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Article

Rapid Evaluation of Chemical Consistency of Artificially Induced and Natural Resina Draconis Using Ultra-Performance Liquid Chromatography Quadrupole-Time-of-Flight Mass Spectrometry-Based Chemical Profiling

1
National Engineering Institute for the Research and Development of Endangered Medicinal Resources in Southwest China, Guangxi Botanical Garden of Medicinal Plants, Nanning 530023, China
2
Guangxi Crop Genetic Improvement and Biotechnology Lab, Nanning 530007, China
3
Institute of Qinghai-Tibetan Plateau, Southwest University for Nationalities, Chengdu 610041, China
*
Author to whom correspondence should be addressed.
Molecules 2018, 23(8), 1850; https://doi.org/10.3390/molecules23081850
Received: 29 June 2018 / Revised: 18 July 2018 / Accepted: 22 July 2018 / Published: 25 July 2018
(This article belongs to the Section Analytical Chemistry)

Abstract

:
Resina Draconis is a highly valued traditional medicine widely used in Arabia since ancient times, and it has been commonly used as an antidiarrheic, antimicrobial, antiulcer, blood circulation promoter as well as an anti-inflammatory agent. The tree source from which this medicine orignates grows extremely slowly, producing a very low yield of Resina Draconis. To meet the increasing market demand, artificial methods for stimulating Resina Draconis formation have been developed and applied. However, the chemical differences between artificially induced Resina Draconis (AIRD) and natural Resina Draconis (NRD) have been rarely studied. The aim of this research was to explore and identify the chemical constituents of AIRD and NRD using ultra-performance liquid chromatography-quadrupole-time-of-flight mass spectrometry (UHPLC-QTOF-MS/MS) based chemical profiling. A total of 56 chromatographic peaks were detected in AIRD, of these, 44 peaks have had their structures tentatively characterized based on high-resolution mass spectra (HRMS) data, fragmentation ions information, reference standards data and literature review. In total, 40 peaks were found both in AIRD and NRD. The potential chemical transformation mechanisms active in Resina Draconis during formation were explored. To the best of our knowledge, this is the first evaluation of the chemical profiles of both AIRD and NRD. Furthermore, these findings are expected to provide a rational basis for the quality assessment of AIRD and the use of AIRD as a substitute for NRD.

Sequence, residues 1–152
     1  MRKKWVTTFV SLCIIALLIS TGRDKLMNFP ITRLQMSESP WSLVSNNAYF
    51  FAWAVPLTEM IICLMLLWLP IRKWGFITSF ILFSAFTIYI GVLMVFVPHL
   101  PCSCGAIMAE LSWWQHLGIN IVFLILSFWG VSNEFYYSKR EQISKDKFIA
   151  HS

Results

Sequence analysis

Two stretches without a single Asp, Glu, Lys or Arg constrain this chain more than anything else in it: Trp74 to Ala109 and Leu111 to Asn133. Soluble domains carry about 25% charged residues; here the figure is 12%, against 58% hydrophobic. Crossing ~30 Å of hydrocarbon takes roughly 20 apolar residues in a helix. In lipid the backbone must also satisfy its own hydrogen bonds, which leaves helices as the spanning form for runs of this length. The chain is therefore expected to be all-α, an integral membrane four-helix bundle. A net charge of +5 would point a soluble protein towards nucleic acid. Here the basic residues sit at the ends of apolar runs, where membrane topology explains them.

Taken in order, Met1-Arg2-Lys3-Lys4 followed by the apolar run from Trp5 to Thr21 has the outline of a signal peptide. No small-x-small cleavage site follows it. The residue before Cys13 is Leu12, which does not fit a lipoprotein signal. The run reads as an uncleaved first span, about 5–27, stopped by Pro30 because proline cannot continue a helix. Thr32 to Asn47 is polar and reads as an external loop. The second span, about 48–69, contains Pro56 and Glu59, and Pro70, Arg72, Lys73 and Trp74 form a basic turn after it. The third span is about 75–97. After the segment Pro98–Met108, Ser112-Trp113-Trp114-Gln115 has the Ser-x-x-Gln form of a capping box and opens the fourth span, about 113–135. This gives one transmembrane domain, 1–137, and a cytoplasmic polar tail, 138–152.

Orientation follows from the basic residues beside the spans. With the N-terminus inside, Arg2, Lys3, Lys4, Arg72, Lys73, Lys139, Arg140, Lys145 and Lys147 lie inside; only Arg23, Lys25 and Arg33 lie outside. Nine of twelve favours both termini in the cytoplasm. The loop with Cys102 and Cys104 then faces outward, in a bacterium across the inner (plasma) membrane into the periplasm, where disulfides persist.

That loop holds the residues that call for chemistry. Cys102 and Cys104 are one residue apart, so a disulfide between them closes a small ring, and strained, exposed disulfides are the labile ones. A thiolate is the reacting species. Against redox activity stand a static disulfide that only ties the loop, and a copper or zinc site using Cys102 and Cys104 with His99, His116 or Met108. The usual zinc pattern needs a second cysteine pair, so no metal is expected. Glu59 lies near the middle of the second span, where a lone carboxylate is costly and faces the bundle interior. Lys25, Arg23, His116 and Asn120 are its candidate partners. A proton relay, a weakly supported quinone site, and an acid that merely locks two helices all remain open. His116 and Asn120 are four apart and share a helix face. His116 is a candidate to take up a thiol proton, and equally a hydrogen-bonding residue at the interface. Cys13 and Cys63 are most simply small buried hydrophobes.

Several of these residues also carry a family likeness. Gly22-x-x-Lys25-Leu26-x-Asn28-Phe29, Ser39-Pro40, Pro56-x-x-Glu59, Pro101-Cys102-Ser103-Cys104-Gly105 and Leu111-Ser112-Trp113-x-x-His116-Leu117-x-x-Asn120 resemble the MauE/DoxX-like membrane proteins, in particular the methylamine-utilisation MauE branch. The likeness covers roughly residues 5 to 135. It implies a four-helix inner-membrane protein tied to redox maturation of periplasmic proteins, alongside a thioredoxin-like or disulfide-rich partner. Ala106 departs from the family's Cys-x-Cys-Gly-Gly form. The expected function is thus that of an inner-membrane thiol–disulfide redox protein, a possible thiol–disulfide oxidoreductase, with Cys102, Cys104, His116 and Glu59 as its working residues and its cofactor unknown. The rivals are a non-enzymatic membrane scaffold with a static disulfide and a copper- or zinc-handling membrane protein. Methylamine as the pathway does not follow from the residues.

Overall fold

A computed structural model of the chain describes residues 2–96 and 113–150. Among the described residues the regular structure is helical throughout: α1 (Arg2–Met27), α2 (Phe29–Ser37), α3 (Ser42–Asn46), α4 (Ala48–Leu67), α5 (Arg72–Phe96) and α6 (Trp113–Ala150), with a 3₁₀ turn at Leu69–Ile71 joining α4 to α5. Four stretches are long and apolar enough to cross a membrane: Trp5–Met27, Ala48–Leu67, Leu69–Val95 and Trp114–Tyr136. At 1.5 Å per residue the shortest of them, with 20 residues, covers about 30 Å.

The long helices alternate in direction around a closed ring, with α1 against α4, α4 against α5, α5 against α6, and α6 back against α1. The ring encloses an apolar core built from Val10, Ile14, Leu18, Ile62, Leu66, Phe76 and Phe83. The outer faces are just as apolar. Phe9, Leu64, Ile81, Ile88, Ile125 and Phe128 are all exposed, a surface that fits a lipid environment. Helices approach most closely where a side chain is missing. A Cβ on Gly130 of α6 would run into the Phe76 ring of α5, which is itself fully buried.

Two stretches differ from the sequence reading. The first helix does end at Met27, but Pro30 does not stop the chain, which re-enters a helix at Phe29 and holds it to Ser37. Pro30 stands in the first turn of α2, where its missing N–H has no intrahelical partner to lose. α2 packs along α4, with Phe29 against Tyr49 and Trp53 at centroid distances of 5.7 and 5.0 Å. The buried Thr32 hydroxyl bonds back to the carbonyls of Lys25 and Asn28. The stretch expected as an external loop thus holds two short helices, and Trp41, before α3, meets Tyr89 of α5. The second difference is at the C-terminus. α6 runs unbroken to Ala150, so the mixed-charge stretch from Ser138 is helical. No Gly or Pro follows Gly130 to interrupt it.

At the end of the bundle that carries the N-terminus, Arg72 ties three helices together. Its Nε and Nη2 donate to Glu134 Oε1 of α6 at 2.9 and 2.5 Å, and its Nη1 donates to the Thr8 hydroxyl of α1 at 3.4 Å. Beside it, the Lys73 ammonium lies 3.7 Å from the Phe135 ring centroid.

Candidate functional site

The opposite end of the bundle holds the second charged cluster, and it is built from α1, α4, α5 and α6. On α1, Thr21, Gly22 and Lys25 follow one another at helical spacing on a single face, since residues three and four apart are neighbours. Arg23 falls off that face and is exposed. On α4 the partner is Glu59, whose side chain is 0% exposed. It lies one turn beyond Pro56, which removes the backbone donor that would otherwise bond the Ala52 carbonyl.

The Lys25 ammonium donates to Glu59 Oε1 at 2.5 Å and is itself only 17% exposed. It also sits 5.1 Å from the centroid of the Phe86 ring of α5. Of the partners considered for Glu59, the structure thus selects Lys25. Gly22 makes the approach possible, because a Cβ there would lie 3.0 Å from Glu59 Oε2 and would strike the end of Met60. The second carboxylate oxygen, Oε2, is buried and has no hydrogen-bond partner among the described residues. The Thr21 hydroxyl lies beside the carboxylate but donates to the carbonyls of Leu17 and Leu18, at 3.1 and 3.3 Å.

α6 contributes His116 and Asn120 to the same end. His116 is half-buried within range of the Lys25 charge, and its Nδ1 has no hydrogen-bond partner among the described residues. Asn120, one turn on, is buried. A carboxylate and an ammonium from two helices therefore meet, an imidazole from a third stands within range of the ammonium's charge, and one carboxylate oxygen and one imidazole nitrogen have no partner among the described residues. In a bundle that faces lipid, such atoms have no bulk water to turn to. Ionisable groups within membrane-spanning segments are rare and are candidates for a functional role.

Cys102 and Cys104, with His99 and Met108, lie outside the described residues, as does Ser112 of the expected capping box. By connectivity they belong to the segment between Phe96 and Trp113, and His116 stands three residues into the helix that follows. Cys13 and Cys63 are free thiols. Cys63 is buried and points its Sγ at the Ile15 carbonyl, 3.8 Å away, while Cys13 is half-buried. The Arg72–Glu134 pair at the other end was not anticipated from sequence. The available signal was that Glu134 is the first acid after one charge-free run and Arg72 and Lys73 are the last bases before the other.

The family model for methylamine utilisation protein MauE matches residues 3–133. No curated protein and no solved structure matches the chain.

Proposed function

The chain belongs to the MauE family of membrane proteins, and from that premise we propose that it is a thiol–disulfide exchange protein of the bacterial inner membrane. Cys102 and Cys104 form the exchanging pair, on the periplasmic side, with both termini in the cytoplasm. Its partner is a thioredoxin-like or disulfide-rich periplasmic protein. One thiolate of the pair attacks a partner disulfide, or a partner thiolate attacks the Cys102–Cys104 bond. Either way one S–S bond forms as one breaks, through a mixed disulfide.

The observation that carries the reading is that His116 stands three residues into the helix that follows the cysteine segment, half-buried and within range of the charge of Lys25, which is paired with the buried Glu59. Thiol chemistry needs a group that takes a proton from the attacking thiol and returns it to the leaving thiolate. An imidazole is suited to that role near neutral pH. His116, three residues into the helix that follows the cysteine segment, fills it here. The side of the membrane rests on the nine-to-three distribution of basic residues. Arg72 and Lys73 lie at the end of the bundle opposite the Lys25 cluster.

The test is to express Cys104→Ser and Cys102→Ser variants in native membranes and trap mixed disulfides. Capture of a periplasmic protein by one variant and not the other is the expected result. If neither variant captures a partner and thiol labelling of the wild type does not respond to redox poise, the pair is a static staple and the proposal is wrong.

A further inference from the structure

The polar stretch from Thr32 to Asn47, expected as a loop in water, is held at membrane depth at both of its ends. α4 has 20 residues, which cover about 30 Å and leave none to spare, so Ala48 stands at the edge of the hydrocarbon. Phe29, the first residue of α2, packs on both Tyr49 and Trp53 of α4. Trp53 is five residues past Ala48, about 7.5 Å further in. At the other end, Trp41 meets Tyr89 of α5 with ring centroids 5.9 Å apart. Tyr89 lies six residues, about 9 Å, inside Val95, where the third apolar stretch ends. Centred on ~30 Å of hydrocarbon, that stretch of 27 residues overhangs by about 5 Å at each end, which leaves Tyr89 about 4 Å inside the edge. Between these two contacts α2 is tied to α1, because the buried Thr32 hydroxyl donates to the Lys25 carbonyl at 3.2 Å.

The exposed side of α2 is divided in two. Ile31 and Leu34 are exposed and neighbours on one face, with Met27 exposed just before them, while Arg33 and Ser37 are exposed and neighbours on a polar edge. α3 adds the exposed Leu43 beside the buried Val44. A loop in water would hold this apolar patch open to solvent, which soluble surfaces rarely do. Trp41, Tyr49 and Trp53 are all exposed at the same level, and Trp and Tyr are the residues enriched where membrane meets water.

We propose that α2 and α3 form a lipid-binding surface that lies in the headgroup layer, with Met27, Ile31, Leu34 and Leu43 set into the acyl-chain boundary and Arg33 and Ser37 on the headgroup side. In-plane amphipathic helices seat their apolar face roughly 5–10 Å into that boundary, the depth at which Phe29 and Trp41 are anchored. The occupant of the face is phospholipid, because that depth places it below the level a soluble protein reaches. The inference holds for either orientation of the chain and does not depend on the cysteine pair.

Graphical Abstract

1. Introduction

Resina Draconis (also called “dragon’s blood”), is a red resin derived from Dracaena cochinchinensis (Lour.) S. C. Chen and called “longxuejie” in China. It is a rare and precious traditional medicine that has been commonly used in China for the treatment of wounds, leucorrhea, fractures, diarrhea, as well as intestinal and stomach ulcers since ancient times [1]. Recent pharmacological research has shown that Resina Draconis has antithrombotic [2], antibacterial [3], anti-inflammatory [4,5], anti-diabetic [6], anti-Helicobacter pylori [7] bioactivity, and with the potential to be a therapeutic agent for neurodegenerative diseases [8]. Previous phytochemical studies of this resin have shown that it mainly contains phenolic compounds, including flavonoids, steroids and stilbenoids, which are considered to be the biologically active components of Resina Draconis [1]. Resina Draconis plants originate from four genera of Dracaena, Daemonorops, Croton and Pterocarpus, which are found all over the world. In China, the main source of Resina Draconis is from Dracaena cochinchinensis (Lour.) S. C. Chen and Dracaena cambodiana Pierre ex Gagnep [9]. In recent years, demand for Resina Draconis in the medicinal market has increased dramatically. However, the natural Dracaena tree grows extremely slowly, taking usually 30–50 years or more, and yields Resina Draconis with a very low efficiency. To meet the increasing demands for Resina Draconis, a considerable number of artificial methods for stimulating resin formation have been developed and applied [10,11]. However, a debate has continued since the emergence of artificially induced Resina Draconis (AIRD). The focus of this controversy is that the chemical components of AIRD are thought to perhaps differ from those of its natural form, which make their efficacy not equivalent. In fact, few of the chemical constituent of AIRD have been reported [10,12,13], however, until now, the chemical profile differences between AIRD and natural Resina Draconis (NRD) have been rarely studied. Whether the chemical constituents of AIRD consistent to that of NRD and how the secondary metabolites produced during Resina Draconis formation have are very important concerns for the efficacy and quality control of AIRD. Therefore, development of a generally reliable, sensitive, and confirmatory analytical method to examine the chemical constituents of both AIRD and NRD is desirable.